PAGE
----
Lunch is at the Acqua Pool Lounge—think salads, burgers, grills and pizzas, and the must-try Pizza Mimosa with local cheeses and fresh lemon zest. The Oltremare Lobby Bar is open all day for seafood finger food and drinks, and the rooftop Vista Sky Bar is the Coast’s coolest place to catch Sorrento’s stunning sunsets, and chill with delicacies and live or DJ music.

Mediterraneo beach
The hotel has a reserved area on the platform of the Marinella beach, which can be accessed by an internal lift. The platform is equipped with sun loungers and umbrellas and has direct access to the sea. (Hotel Mediterraneo Sorrento)

The bright fifth-floor Vesuvio Panoramic Restaurant also serves breakfast, and Chef Giuseppe Saccone ([email protected]) uses premium locally sourced ingredients to craft dishes presented on stylish tableware. Our first-course Tondi Tondi Ravioli were filled with silky-soft smoked aubergines and local provolone, and the Rombo con Cicerchie, turbot with grass peas, was melt-in-the-mouth. Sommelier Olimpia Pastore is an ace at suggesting the prefect wine for each dish. Many of the bottles on the extensive list, she told us, come from small local winemakers, and we were overjoyed with the pairings she picked for us.

Giuseppina De Feo ([email protected]; +39-081-878-1352), the guest relations manager, said guests are often surprised by how much there is to do and see locally, and recommends booking excursions and guides well ahead. Must-dos, she told us, are day cruises on a private yacht or a local wooden boat called a gozzo along the Coast, to Amalfi and Positano, and to Capri or Ischia. And also private guided tours to Naples, Vesuvius and Pompeii, the site of the town destroyed by the volcano in 79 AD, all of which are only an hour away.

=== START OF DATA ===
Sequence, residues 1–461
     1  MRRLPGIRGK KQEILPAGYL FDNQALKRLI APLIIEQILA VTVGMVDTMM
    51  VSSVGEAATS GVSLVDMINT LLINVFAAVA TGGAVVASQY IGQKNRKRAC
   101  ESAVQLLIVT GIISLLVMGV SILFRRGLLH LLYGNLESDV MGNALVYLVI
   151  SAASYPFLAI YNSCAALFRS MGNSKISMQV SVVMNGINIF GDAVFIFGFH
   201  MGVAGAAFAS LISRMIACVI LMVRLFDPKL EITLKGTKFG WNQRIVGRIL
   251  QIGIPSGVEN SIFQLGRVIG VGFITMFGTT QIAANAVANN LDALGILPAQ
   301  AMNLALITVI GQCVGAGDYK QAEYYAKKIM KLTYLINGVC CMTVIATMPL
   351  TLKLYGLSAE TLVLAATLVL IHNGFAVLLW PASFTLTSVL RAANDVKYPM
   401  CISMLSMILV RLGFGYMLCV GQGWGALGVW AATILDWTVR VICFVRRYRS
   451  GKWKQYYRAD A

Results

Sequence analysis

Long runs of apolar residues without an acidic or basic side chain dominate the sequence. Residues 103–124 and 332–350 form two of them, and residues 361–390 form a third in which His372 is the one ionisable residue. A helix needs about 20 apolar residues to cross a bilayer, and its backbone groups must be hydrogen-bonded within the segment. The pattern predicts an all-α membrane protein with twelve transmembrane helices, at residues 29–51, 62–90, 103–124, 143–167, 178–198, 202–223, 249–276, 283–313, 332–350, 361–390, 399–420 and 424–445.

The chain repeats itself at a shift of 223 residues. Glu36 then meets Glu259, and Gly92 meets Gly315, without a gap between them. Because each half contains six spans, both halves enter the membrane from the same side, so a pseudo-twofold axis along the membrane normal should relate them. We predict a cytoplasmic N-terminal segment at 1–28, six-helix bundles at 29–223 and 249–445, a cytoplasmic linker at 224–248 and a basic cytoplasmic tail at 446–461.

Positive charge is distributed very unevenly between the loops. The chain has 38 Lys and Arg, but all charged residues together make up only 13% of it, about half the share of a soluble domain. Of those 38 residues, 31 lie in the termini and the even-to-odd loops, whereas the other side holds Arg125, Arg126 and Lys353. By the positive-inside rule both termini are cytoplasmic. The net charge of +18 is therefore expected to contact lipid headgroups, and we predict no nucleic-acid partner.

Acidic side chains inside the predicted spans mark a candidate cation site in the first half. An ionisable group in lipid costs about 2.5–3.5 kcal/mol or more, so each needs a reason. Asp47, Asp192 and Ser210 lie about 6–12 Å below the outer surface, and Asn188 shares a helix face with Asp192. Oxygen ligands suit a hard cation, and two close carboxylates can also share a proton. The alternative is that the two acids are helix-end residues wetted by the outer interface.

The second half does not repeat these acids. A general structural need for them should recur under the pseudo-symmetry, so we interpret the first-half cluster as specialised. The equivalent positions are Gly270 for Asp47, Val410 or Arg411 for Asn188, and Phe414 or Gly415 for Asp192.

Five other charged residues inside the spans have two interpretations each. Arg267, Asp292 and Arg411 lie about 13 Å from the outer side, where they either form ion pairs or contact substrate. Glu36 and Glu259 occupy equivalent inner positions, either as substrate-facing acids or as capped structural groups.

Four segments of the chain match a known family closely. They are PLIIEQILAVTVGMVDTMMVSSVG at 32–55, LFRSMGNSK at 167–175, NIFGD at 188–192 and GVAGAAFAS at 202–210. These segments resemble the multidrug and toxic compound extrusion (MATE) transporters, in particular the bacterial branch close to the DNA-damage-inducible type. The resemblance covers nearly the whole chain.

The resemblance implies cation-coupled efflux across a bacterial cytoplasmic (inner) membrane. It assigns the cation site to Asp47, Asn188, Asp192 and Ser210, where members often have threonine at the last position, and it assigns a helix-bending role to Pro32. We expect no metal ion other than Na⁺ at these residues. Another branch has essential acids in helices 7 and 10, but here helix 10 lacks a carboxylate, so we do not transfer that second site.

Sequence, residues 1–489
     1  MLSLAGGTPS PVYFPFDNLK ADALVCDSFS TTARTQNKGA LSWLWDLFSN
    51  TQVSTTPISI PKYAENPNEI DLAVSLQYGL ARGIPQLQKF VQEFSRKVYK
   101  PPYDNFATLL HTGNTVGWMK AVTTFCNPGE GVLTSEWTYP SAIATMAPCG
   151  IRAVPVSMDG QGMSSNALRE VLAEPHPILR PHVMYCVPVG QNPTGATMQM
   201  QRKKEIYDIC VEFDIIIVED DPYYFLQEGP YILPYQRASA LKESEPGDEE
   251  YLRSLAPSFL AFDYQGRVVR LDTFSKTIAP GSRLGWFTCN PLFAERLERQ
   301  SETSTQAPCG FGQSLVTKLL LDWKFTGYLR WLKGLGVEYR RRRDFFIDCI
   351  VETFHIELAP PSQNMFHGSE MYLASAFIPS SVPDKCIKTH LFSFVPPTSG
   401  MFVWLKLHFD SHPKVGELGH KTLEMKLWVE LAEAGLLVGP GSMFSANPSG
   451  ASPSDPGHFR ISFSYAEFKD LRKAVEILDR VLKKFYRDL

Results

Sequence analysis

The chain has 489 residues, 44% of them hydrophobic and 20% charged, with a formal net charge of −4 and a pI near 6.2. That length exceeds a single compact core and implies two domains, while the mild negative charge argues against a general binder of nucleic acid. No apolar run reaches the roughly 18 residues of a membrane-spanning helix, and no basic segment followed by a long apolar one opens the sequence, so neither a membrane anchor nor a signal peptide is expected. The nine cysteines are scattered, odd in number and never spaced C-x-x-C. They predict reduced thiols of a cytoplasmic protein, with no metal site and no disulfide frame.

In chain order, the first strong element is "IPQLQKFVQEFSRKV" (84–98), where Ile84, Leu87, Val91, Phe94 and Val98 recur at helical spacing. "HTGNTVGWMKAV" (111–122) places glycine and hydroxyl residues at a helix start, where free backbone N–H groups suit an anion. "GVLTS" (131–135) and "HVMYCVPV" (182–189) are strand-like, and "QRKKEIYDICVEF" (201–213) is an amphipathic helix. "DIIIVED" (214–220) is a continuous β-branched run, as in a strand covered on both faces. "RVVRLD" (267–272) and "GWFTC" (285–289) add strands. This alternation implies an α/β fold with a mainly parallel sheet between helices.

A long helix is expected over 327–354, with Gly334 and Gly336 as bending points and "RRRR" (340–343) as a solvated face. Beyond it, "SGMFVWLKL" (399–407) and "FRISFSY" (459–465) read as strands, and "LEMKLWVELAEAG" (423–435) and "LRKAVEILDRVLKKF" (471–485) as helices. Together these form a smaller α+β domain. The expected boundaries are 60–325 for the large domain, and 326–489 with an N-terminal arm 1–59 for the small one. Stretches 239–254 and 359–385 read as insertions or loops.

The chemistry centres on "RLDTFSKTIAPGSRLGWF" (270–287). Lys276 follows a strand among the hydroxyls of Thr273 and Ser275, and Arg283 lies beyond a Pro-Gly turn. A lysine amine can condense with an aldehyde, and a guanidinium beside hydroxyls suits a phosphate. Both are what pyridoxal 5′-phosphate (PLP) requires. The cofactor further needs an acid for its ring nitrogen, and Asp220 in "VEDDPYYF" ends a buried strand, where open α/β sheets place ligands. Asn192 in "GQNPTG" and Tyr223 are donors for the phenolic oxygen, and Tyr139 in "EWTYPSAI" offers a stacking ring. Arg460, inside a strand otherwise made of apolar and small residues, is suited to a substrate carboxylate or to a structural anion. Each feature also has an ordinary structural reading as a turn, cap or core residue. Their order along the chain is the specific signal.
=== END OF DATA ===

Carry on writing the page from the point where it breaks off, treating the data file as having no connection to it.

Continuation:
Connect with Pina and Aniello Somma ([email protected]), front desk manager, for transfers, guides and outings as well as for cooking and pizza classes, restaurant bookings and to arrange a personal shopper. The area has many beautiful walking and hiking trails, and the nearby Roman ruins of the Baths of Queen Giovanna are easy to reach on foot, and have a protected bay where you can swim.    

Spa LePietre
The LePietre Cozy Spa has two treatment rooms, a sauna, Turkish bath, Jacuzzi, and a relaxation area as well as a salt room, used also for couples’ massages. (Hotel Mediterraneo Sorrento)

Sorrento is five minutes away on the half-hourly hotel shuttle and, like all the little coastal towns is packed with outdoor cafés, restaurants and crowded shopping streets. To see how limoncello is made, a visit to I Giardini di Cataldo is a great experience, and for Sorrento’s famous marquetry work, Biagio Barile, in an old deconsecrated church, has a dazzling selection of classical and modern designs.

With an astonishing 13 Michelin-starred restaurants, the Sorrento Coast is a must on every serious gastronome’s bucket list. Francesco Monti suggested lunch at Il Buco, one of the first to get a Michelin star, and chef-owner Giuseppe Aversa more than lived up to his stellar reputation. Francesco said another excellent choice is the two-star Don Alfonso 1890, famous for growing its own fruit and vegetables and for its wine cellar of over 25,000 bottles. It is due to reopen next year after renovations.